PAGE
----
Freedom to make life choices              0.718
Generosity                                0.168
Perceptions of corruption                 0.882
Positive affect                           0.414
Negative affect                           0.258
Name: 0, dtype: object

There's a project called vegafusion that is supposed to help with reducing the size but it requires that you use a jupyter notebook for interactivity (it uses python to make a jupyter widget or some such) so it won't work for a static site like this one. So when using altair we have to think about what we're doing if the size of the files is going to be a problem. In most cases it probably makes sense to do the transformations in pandas first and then only pass the data to plot to altair.

See the altair documentation on Large Datasets for more information.

A Chart, Part By Part

Altair's Chart

chart = altair.Chart(year_counts)
<class 'altair.vegalite.v5.api.Chart'>

The Chart class is defined in altair.vegalite.v5.api. This is its docstring description:

Create a basic Altair/Vega-Lite chart.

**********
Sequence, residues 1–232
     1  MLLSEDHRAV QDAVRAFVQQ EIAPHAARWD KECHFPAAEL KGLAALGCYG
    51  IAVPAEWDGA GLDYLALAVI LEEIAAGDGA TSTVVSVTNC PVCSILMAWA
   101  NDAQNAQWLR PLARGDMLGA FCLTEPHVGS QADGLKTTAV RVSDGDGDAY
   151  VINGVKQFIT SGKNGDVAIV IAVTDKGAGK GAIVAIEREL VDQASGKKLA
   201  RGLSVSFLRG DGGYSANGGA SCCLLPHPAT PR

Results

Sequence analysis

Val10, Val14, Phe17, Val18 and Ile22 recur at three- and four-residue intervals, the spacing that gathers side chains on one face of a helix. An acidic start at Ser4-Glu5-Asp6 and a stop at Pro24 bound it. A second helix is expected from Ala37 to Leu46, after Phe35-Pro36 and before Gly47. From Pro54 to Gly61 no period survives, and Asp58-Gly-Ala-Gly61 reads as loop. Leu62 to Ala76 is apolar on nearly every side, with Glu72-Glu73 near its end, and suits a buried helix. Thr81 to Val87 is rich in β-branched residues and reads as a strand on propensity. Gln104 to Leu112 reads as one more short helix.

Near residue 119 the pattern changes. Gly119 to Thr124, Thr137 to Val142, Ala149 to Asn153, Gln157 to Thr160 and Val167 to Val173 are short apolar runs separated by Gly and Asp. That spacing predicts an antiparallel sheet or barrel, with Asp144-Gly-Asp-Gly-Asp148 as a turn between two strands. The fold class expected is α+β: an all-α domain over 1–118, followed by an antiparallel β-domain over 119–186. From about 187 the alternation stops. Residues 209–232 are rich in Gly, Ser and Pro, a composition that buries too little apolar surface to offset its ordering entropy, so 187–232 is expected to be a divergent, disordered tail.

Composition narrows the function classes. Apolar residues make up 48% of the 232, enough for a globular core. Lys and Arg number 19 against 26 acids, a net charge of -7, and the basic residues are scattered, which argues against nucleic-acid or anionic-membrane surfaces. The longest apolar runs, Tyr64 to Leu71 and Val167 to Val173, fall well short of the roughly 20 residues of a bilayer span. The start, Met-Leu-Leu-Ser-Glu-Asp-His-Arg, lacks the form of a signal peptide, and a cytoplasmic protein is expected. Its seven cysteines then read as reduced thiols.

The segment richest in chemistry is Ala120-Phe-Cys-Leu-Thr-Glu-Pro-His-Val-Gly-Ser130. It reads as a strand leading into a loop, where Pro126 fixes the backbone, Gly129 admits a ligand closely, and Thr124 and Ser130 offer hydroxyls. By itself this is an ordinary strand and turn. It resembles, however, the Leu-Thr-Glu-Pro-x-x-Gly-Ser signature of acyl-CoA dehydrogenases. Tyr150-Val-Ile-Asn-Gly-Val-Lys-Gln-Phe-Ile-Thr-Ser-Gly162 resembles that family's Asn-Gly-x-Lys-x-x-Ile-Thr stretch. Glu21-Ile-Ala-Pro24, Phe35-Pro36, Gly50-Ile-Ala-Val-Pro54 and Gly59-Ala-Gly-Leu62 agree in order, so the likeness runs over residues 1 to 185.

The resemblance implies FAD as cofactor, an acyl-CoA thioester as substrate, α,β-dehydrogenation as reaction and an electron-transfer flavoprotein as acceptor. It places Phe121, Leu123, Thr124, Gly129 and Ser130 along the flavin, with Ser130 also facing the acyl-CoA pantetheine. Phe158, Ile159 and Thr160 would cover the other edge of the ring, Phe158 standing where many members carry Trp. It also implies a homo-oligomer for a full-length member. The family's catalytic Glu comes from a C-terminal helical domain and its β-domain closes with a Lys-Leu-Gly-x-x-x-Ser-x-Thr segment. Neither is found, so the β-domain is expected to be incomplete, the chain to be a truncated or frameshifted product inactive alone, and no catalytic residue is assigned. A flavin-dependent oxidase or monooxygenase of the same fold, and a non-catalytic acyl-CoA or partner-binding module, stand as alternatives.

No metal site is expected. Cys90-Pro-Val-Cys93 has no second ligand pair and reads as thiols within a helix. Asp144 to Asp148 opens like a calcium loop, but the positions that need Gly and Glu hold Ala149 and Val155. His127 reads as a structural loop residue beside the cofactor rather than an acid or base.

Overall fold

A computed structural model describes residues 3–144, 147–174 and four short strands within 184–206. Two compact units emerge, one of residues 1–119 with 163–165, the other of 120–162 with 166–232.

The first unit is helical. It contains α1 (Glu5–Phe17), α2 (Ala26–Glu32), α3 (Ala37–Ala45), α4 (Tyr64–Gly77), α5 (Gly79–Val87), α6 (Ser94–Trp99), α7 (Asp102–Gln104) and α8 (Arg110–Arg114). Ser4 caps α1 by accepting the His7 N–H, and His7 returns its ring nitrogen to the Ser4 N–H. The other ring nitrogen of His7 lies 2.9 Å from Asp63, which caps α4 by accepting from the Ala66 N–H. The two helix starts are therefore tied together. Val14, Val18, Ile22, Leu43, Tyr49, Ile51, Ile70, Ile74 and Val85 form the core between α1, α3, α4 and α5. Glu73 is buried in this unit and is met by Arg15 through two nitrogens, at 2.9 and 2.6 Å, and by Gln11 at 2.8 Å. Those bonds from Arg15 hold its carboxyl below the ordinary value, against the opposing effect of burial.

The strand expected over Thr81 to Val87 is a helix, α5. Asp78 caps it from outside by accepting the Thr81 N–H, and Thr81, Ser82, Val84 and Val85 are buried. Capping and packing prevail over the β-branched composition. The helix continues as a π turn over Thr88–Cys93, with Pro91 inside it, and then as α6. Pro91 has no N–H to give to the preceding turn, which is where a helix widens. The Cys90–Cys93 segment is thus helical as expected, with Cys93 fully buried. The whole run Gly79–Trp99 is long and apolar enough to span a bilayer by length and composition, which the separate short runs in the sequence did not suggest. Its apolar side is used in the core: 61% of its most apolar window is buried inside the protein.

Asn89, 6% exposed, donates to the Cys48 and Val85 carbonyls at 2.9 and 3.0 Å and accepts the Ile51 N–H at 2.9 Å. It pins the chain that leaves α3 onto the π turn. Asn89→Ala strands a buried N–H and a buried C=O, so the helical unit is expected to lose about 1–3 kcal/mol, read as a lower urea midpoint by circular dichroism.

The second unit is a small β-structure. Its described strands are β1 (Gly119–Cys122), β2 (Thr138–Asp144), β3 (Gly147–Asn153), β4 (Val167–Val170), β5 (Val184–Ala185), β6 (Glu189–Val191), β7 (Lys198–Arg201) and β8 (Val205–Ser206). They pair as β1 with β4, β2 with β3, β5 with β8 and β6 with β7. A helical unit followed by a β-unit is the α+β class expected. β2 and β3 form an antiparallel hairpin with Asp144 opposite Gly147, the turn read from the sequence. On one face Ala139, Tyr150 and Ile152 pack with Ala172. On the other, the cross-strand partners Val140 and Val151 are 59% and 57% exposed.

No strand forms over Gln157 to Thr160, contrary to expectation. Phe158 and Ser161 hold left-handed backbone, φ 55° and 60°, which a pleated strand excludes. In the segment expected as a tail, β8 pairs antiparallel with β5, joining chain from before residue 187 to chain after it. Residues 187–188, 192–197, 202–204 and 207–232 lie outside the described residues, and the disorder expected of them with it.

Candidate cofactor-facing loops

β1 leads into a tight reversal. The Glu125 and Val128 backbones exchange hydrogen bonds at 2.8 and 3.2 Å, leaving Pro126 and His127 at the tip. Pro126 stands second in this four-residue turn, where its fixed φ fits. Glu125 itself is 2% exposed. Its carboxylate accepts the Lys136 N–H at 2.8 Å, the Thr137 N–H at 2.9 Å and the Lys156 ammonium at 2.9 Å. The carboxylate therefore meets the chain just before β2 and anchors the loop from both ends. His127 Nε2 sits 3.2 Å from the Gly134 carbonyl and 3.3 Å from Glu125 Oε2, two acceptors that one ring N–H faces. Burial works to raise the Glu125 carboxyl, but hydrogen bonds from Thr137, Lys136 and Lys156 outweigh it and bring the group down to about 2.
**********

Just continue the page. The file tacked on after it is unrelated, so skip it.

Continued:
Although it is possible to set all Chart properties as constructor attributes, it is more idiomatic to use methods such as mark_point(), encode(), transform_filter(), properties(), etc. See Altair's documentation for details and examples:

The attributes set by the Chart class' constructor (it also accepets other keyword parameters that are passed to its parent classes) are:

  • data
  • encoding
  • mark
  • width
  • height

By default they're set to Undefined which is an altair-defined object (see altair.utils.schemapi), and as noted, you don't normally set the attributes using the constructor (other than data which isn't mentioned in the docstring but appears to be passed to the Chart constructor by convention).

Here's a diagram of the Chart (defined in altair.vegalite.v5.api).


A Bar Chart

Once we have a chart object we tell altair that we want it to be a bar chart using the mark_bar method.

bar_chart = chart.mark_bar()
<class 'altair.vegalite.v5.api.Chart'>

The mark_ methods are defined in the MarkMethodMixin class (a parent of Chart) which is defined in altair.vegalite.v5.schema.mixins module.

MarkMixin Class

Looking in the mark_bar method, there's a lot of arguments you could pass to it, but fundamentally all it's really doing is making a copy of itself, setting the mark attribute to bar and then retu+rning the copy.

print("Original Chart mark: '{}'".format(chart.mark))
print("Bar Chart mark: '{}'".format(bar_chart.mark))

Original Chart mark: 'Undefined'
Bar Chart mark: 'bar'